So what's up with that name, anyway?? Jaffa, a Hebrew word for "beauty", was a port city in ancient Palestine; the area is now part of Tel Aviv. According to Virginia Foscue's Place Names in Alabama, a Mrs. Berry chose the name for this state's town. Foscue also notes a U.S. post office was established in 1888. The Geographic Names Information System maintained by the U.S. Geological Survey includes several places named Joppa in other states, such as Maryland, North Carolina, Ohio, Tennessee and West Virginia. 

Another source, Annals of Northwest Alabama, vol. 2, 1965, second edition [compiled by Carl Elliott] includes two essays with much information about Joppa. In his piece "Sketches of Early Cullman County, Alabama" [pp. 26-28], Marc Miller notes the presence of several farms in the area before the Civil War. By the early 1890's the population had grown enough to support a post office, which had to have a name. A Marion Berry chose Joppa; no reason is given. Four rural routes were started from the post office in 1904.

According to Miller the first school was established in the late 1880's in a Baptist church, but later moved to the Methodist one. Founded by Prof. J.B. Sherill, Joppa School was built in 1893 and eventually evolved to encompass grammar, junior high, high school and teacher's college levels.

The American Missionary Association bought the school in 1895 and renamed it the Joppa Collegiate Normal Institute. This facility had two dormitories for the students who studied religion and teaching. Sometime after 1900 a fire burned the school's library, but the books--mostly religious--were replaced. 

The town incorporated in 1900. As a college town, Joppa developed hotels, various stores, a stage stop, saloon and hospital. Eventually a telephone system with switchboard opened. At the time the Annals book was published in 1965, Joppa had a cotton gin, six stores, a post office, elementary, junior and high schools and three churches.   

Another essay in the Annals volume is "A Short History of Joppa, Alabama" pp. 192-200] compiled by fifth and sixth grade students at Joppa School during the 1954-55 school year. This piece notes that two boarding houses served  as dorms for the college students, and that a "Mrs. Berry" gave Joppa its name. A brick Joppa School was built in 1939 with eight classrooms, an office, library and auditorium. Two grades and a lunch room were located in the two-story frame building that had become the second college building after a fire. In 1958 Joppa School had 325 students and ten teachers. This essay gives more detail about many people in the community's history.

Joppa seems to have reached its greatest population in the 1920-1940 period; in 1930, 1894 people lived there according to the U.S. Census. By 2010 the population had fallen to 501. 

Henry Everett "Jack" Lively was born in Joppa on May 29, 1885. During the 1911 season Lively pitched for the Detroit Tigers in eighteen games and ended the season with a 7-5 won-loss record. One of his teammates was Ty Cobb. Prior to that season Lively had played for several minor league teams. "He won 23 games for Gulfport in 1907, 25 games for two teams in 1908, 18 for Montgomery in 1909, and 31 for Oakland in 1910", according to the Baseball Reference site. 

Lively was a right-handed pitcher who stood 5'9" and weighted 185 pounds. He may have begun baseball play while attending Joppa High School. Whether he played for other teams before Gulfport is unknown; the 1911 season was apparently his only one in the majors.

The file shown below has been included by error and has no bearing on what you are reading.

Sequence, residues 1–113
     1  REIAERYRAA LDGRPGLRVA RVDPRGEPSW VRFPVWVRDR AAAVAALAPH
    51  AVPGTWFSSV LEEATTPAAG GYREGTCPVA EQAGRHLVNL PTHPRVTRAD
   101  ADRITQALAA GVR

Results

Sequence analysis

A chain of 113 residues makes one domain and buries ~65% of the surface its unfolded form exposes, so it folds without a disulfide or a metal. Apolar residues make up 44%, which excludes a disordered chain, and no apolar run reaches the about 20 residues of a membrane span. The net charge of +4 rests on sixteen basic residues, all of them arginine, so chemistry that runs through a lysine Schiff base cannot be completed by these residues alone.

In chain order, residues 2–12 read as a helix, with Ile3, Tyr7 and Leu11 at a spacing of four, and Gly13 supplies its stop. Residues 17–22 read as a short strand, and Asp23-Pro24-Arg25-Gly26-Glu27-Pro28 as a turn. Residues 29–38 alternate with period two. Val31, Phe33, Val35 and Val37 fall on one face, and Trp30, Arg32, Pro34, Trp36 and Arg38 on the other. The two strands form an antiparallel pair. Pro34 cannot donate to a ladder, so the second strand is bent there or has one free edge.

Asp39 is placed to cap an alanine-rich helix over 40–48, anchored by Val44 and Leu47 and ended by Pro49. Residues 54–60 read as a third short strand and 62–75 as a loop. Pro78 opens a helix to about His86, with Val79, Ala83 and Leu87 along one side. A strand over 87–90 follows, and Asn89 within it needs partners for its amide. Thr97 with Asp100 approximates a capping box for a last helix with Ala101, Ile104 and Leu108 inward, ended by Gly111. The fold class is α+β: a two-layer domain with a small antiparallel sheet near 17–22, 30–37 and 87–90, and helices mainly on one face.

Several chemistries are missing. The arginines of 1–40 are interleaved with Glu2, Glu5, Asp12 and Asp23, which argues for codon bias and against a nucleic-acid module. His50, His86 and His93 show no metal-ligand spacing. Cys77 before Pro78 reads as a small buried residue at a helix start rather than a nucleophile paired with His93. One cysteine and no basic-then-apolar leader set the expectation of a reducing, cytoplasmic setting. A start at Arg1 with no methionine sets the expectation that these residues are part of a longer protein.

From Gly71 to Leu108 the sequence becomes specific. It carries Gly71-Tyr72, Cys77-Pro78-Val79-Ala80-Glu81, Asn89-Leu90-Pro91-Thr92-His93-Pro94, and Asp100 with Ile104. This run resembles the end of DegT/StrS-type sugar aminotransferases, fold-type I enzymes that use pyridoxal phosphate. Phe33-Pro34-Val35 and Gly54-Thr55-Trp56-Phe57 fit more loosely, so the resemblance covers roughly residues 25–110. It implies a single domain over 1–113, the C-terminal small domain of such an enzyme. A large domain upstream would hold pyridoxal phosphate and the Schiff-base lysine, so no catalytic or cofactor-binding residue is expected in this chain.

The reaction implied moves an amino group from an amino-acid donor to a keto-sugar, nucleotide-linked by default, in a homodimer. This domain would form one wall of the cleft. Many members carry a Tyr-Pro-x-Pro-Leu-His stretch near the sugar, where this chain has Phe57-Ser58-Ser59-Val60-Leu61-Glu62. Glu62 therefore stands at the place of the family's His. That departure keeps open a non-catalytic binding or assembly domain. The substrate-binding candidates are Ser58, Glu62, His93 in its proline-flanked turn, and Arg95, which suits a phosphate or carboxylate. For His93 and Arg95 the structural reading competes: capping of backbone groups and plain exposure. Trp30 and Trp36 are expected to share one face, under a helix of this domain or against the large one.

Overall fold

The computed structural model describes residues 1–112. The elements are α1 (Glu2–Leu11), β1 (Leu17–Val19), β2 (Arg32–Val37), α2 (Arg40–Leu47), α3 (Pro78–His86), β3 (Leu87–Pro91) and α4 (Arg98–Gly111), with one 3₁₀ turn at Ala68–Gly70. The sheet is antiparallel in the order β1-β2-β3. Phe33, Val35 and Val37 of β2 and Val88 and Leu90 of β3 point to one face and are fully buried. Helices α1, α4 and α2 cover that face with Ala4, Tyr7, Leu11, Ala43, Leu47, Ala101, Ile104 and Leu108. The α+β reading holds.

Lively returned to Alabama at some point. The 1920 U.S. Census list he and wife Minnie as living on a farm they own in Arab. He died in Arab on December 5, 1967. He is buried in the Hebron Church of Christ Cemetery. His son Buddy played in the majors for the Cincinnati Reds for three seasons in the late 1940's. 

In 1999 the Thomas Corbin farmstead in Joppa was listed on the Alabama Register of Landmarks and Heritage; you can see a photo here.  

More comments follow the photos and illustration below. 

According to Jimmy Emerson, the college closed in 1918 due to declining enrollment. The county school system used the building until it burned in 1995. This structure is a replica built on the same site. Another photo of this building by Emerson has snow on the ground.

Many rural post offices have been closed in recent years; Joppa's remains. 

This card shows Lively on one of his minor league teams, Oakland in the Pacific Coast League. He won 31 games there in 1910, the year before he moved up to the majors. 

Source: Gordon Brett Echols via Find-A-Grave

Source: Wikipedia

Thursday, October 19, 2017

Mobile and "Blues in the Night"

I am always on the lookout for appearances of Alabama-related things in popular culture and came across this one recently. Over the life of this blog I've posted several items discussing songs from the 19th and first half of the 20th centuries that relate to Alabama in some fashion. You can read two of the posts here and here.

This example is a bit different--a shout out to various cities including Mobile. The song is "Blues in the Night", which first appeared in the 1941 film of the same name. The song has become a standard; versions by many singers can be found on YouTube. Everyone from Peggy Lee and the Benny Goodman Orchestra to Ella Fitzgerald, Dinah Shore, Frank Sinatra, Cab Calloway, Ray Charles, Rosemary Clooney and Amy Winehouse have recorded it. The piece was nominated for a Best Song Academy Award.